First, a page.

I found the site very simple and easy to use when carrying out my family research, because it has such a large search engine. I discovered, for example, documents relating to my mother’s immigration to England in 1938. MyHeritage had picked this up from the www.movinghere.org.uk website, of which I had been unaware.
I always recommend MyHeritage when people ask for my advice about family research.
I built my family tree on MyHeritage, and again found this very easy to do. I used a family tree chart downloaded from MyHeritage in my book, A Silence That Speaks.
At first, her two brothers were not very interested in her project, but the more Susan discovered, the more interested they became.
My grandfather Fritz Smetana was the Austrian Consul General for San Marino from 1926- 1938, and when the government of that country invited me to attend a commemoration of my grandfather, one of my brothers came with me.
Several of her family members, including newly-found relatives, have access to the family tree on MyHeritage.
Currently, her tree has 195 individuals. During her research, she discovered that her relatives spanned the globe and lived in Austria, the Czech Republic, Poland, San Marino, France and Sweden.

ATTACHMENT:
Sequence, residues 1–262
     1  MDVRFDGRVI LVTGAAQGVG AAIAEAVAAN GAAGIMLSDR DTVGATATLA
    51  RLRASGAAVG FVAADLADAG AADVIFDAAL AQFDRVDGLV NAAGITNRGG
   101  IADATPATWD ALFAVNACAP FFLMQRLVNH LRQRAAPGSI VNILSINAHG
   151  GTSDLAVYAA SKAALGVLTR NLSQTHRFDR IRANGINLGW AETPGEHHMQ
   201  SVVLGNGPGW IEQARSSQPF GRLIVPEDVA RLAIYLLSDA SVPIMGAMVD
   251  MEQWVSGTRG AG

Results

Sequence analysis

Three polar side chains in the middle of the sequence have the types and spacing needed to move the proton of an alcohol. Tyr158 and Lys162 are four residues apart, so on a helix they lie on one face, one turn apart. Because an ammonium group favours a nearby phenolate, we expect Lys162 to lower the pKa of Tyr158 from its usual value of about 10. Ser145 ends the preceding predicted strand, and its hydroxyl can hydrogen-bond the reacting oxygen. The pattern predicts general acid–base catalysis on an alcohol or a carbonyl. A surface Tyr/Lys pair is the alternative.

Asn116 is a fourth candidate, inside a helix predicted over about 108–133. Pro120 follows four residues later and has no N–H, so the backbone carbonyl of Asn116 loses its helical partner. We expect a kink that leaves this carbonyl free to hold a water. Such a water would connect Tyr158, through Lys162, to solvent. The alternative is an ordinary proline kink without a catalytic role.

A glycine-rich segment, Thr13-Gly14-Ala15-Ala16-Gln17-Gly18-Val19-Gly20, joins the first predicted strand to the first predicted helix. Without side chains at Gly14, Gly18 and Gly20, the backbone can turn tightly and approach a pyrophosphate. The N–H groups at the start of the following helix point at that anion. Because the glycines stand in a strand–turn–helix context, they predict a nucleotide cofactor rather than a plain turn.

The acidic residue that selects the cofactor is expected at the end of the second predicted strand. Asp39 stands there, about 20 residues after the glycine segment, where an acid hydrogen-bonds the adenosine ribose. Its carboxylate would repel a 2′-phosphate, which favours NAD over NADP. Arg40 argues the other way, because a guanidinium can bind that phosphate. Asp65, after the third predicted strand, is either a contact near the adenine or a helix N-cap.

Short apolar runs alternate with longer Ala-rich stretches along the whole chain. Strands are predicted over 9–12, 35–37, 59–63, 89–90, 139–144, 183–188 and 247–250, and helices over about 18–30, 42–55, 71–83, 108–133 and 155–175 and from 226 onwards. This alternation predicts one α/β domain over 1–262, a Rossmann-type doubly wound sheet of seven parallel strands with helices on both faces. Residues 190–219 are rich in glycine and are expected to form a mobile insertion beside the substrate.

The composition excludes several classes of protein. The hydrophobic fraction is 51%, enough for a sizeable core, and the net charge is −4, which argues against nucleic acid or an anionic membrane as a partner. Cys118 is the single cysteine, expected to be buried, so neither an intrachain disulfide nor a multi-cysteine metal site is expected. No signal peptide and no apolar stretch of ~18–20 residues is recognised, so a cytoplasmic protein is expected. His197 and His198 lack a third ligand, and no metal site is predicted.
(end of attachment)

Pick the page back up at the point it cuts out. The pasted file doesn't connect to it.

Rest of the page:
Of course, as a consequence of the Holocaust, none remain in these countries. I now have relatives living in England, Australia, USA, Ghana and Nigeria.
She has also had several hundred Smart Matches, but most relate to her brother-in-law, Wole Soyinka, a Nobel Prize winner. He is a Nigerian now living in the US.
Along the way, she’s discovered previously-unknown living relatives, including five living cousins of her mother and many descendants in Australia and the US.
Since first making contact in 1995, I have stayed in touch with many of them.
Susan shares some of her tips for new researchers:
- Be persistent and determined and never give up.
- It is important to make orderly notes and records of all your contacts (conversations, telephone calls, email etc.) and discoveries, with dates.
- Check through these from time to time, as sometimes something comes up which relates to something you have already learned, but you may not realise the connection at the time.